"So tell me, what is it that you plan to do/ with your one wild and precious life?"
--Mary Oliver

Tuesday, June 06, 2006

d-day plus 62 years

"Soldiers, Sailors and Airmen of the Allied Expeditionary Forces!You are about to embark upon the Great Crusade, toward which we have striven these many months. The eyes of the world are upon you. The hopes and prayers of liberty-loving people everywhere march with you. In company with our brave Allies and brothers-in-arms on other Fronts, you will bring about the destruction of the German war machine, the elimination of Nazi tyranny over the oppressed peoples of Europe, and security for ourselves in a free world. Your task will not be an easy one. Your enemy is well trained, well equipped, and battle-hardened. He will fight savagely....I have full confidence in your courage, devotion to duty and skill in battle. We will accept nothing less than full Victory!
Good Luck! And let us all beseech the blessing of Almighty God upon this great and noble undertaking."
---General Dwight Eisenhower, Supreme Commander, Allied Expeditionary Forces (This "Orders of the Day" was issued to every Allied soldier prior to the Normandy landings on June 6, 1944. The picture above depicts American soldiers aboard an LCI [Landing Craft Infantry] attending Mass on their way to Normandy.)

62 years ago this morning, my father, along with other young men--boys, really-- from the United States, Great Britain, and Canada, stormed the Normandy beaches to begin the Allied assault on Nazi-occupied Europe. When Eisenhower said the hopes of freedom-loving people everywhere went with them, he wasn't kidding; D-Day has been called the definitive day of the twentieth century because it became the turning point in the European War and gave Hitler his first real taste of what he had so underestimated, what Eisenhower called the "fury of an aroused democracy."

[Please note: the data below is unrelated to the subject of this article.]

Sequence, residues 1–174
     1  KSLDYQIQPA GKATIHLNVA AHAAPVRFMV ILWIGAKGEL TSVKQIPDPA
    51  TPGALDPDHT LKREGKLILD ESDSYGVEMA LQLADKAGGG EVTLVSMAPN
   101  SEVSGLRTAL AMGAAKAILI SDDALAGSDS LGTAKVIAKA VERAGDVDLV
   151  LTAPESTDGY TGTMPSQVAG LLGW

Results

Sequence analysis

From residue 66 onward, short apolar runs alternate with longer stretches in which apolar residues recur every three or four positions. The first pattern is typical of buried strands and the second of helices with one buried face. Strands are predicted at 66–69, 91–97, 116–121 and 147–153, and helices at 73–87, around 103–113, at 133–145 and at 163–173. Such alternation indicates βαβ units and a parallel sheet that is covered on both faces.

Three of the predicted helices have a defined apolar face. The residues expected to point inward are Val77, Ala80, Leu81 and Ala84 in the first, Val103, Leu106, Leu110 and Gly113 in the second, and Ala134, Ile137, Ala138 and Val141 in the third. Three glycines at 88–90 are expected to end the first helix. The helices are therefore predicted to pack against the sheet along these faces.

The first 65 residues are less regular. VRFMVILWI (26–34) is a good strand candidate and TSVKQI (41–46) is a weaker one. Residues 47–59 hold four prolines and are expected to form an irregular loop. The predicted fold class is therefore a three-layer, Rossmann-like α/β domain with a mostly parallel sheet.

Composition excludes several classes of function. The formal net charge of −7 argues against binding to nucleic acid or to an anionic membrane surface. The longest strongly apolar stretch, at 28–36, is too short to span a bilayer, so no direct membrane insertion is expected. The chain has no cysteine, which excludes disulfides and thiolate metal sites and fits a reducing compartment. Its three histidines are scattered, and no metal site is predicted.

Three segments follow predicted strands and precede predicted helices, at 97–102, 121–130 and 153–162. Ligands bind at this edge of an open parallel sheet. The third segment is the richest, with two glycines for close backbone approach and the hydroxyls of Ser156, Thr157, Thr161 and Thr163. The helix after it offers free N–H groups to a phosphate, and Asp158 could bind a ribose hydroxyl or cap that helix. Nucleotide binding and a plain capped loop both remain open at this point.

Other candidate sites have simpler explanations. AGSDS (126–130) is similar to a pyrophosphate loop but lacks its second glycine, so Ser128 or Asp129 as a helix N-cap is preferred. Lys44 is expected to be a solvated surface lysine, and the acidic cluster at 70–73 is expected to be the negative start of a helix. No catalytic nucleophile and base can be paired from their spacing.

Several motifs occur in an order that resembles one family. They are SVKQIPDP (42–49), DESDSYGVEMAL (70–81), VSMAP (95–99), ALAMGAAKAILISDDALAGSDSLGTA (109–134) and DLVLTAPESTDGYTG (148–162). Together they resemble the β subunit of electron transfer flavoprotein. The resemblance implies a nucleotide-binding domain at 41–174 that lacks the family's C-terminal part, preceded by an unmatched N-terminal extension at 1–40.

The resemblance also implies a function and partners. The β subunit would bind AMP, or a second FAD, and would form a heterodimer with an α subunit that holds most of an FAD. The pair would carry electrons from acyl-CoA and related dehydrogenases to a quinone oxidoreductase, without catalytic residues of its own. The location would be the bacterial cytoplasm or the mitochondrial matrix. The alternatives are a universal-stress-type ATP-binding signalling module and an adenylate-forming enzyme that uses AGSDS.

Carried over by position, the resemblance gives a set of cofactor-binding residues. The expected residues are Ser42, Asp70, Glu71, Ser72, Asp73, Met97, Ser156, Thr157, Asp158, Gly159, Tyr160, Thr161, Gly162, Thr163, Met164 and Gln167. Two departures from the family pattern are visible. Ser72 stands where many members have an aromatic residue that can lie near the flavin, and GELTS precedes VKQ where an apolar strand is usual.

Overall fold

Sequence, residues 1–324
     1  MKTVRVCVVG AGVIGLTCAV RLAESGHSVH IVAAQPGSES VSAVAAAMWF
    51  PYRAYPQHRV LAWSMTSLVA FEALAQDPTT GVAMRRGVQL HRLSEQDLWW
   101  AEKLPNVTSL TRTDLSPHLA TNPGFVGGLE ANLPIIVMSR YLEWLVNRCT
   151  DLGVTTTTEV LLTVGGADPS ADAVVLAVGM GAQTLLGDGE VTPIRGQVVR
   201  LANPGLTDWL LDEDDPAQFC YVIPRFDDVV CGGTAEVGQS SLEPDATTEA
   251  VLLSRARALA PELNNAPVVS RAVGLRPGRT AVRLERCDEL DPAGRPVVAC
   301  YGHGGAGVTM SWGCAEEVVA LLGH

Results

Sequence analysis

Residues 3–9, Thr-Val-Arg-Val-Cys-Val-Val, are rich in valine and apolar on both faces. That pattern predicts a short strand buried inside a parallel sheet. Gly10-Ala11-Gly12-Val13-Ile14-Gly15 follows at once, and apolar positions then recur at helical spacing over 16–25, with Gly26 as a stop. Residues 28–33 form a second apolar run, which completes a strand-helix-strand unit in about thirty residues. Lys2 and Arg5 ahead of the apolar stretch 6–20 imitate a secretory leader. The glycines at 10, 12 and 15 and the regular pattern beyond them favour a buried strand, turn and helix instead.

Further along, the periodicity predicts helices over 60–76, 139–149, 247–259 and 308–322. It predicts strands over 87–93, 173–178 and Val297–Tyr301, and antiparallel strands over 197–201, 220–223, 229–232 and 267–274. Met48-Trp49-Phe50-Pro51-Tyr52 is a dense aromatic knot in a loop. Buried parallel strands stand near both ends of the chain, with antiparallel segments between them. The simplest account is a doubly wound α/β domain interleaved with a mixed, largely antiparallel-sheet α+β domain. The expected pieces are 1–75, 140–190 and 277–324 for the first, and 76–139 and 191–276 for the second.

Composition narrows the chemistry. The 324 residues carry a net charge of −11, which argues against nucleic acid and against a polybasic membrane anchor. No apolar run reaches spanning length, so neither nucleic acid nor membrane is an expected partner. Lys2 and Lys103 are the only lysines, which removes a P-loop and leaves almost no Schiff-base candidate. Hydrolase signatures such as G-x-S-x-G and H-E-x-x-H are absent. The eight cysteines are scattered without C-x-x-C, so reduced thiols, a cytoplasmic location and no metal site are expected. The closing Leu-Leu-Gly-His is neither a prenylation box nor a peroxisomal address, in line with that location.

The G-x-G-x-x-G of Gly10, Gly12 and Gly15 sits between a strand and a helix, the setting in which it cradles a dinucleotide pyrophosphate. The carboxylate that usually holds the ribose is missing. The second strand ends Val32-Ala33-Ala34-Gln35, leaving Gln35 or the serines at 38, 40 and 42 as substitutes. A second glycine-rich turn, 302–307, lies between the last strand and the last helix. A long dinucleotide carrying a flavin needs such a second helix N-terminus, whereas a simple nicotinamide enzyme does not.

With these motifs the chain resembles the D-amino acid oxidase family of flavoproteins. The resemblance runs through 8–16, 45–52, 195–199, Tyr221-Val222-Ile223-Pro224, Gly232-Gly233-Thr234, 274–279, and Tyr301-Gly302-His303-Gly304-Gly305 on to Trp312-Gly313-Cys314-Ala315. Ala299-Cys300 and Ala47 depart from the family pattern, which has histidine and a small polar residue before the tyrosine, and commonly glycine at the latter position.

A few of the troops landing in Normandy that day had some combat experience, primarily in North Africa and/or Italy. But the vast majority, like my dad, had never before heard a shot fired in anger. For them, the Normandy Beaches were to represent the ultimate loss of innocence. There were five landing beaches: Gold, Juno, Sword (British and Canadian), Utah, and Omaha (American). Of the five, Gold, Juno, Sword, and Utah went relatively according to plan; Omaha, however, has been known as "Bloody Omaha" ever since. The first assault waves sustained tremendous casualties, as soldiers were mowed down by German mortar and artillery fire. Many drowned, wounded by German fire and loaded down by 60 lbs. of gear, before they ever made the beach. The beach itself was a slaughter, littered with the bodies of the dead and wounded. There were body parts, blood and gore everywhere, along with the never-ending sounds of artillery fire and the screams of the dying. One soldier famously described landing on Omaha that day as a "descent into hell." Did you ever see "Saving Private Ryan?" The opening scenes were set on Omaha Beach.